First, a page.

- There have been substantial changes in the demographic composition of immigrants residing in Norway over the period 1993-2011.
Nevertheless, we find that the overall poverty rate in the immigrant population has remained fairly stable over the years
1993-2011. It is only among immigrants from Eastern Europe we find a significant decline in the proportion of poor over this
- The poverty rates decline by years since migration in Norway, and for several of the groups we find that the poverty rates
are cut in half over the first five years of their residence in Norway. After the first five years the poverty rates stabilize
at around 12 to 20 percent for immigrants from Asia, Africa, and South America, around 5-10 percent for immigrants from Eastern
Europe, and around 3-5 percent for immigrants from Western Europe, North America and Oceania.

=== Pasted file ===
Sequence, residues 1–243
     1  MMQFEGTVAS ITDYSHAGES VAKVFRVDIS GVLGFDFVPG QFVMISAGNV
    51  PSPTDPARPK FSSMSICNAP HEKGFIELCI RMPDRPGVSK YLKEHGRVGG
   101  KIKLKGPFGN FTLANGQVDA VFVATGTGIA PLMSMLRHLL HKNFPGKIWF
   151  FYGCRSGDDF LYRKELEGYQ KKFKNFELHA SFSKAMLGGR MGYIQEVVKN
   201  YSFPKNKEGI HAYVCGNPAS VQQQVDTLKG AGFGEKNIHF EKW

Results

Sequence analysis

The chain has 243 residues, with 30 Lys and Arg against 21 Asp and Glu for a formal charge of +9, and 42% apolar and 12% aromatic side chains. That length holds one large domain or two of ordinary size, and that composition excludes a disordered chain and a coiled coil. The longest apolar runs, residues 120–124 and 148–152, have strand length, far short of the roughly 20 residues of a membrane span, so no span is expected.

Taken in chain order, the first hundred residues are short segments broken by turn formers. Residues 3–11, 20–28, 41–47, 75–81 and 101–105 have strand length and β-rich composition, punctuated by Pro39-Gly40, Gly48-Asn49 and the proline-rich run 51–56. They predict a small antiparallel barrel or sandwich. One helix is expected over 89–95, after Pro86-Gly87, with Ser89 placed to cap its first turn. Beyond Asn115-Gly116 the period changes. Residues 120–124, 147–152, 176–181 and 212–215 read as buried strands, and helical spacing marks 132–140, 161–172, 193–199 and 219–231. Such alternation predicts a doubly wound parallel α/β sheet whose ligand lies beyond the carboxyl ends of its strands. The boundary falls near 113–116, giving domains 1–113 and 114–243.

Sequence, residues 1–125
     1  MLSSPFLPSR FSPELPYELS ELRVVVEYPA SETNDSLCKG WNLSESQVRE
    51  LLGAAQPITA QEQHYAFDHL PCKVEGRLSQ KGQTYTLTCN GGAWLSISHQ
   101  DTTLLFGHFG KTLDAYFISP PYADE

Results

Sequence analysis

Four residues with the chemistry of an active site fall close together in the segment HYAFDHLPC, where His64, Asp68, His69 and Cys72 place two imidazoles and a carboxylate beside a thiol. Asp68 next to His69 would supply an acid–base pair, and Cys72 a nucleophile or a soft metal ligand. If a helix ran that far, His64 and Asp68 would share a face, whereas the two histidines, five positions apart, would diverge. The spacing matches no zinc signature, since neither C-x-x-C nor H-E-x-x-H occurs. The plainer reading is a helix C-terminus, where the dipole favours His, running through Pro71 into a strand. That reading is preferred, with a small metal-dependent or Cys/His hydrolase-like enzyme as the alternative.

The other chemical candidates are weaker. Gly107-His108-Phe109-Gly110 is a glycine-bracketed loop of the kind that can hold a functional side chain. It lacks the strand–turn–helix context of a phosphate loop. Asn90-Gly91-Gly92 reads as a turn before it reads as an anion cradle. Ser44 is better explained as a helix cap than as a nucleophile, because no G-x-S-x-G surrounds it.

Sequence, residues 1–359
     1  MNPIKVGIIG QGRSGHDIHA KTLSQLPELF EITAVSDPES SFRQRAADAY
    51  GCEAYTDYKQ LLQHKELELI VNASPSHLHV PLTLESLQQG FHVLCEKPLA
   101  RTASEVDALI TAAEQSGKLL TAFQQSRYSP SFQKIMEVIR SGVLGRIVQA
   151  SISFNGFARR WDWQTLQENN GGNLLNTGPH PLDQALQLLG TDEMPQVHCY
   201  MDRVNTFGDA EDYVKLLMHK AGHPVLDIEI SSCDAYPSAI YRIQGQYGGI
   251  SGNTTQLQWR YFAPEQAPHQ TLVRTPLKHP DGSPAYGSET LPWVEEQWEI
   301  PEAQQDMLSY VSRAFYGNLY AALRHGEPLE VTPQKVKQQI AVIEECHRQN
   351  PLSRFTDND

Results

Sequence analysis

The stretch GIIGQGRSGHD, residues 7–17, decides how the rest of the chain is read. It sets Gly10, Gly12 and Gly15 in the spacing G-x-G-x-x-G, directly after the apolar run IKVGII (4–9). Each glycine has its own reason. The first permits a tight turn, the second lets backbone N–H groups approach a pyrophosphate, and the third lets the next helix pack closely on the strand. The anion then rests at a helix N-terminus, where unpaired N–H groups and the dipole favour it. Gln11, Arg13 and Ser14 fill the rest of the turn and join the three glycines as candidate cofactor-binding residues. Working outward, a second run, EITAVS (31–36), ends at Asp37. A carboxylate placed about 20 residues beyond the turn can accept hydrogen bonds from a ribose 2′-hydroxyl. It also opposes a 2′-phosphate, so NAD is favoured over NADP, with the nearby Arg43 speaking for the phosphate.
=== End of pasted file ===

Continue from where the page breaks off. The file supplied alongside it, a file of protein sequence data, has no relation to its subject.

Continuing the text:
- Changes in the poverty rates over time can be decomposed into changes due to (i) changes in the share of individuals going
into poverty (entry rates) and (ii) changes in the share of individuals that go out of poverty (exit rates). Our estimates
show that the proportion remaining in poverty over two consecutive years (i.e. 1 – the exit rate) was at about 55-60 percent
for immigrants from Asia, Africa and South America, with an entry rate about 10.6 percent. For persons without an immigrant
background about 40 percent remain in poverty over two years while the entry rate is about 1 percent.
- Our results reflect a substantial degree of state dependence in poverty among immigrants from Asia, Africa and South America,
estimated between 20.3 and 26.8 percent. These estimates imply that if a group of randomly selected immigrants are poor one
year, this in itself increases the probability of being poor in the following year by 20.3 to 26.8 percentage points.
- Our results for the so-called reference groups, drawn from the general population so that the distribution of observable characteristics
such as age, gender, and education for such a group is similar to the distribution of these characteristics in an immigrant
group, shows that the differences in the distribution of observable characteristics only to a very limited extent contribute
to differences in state dependence in poverty across groups.
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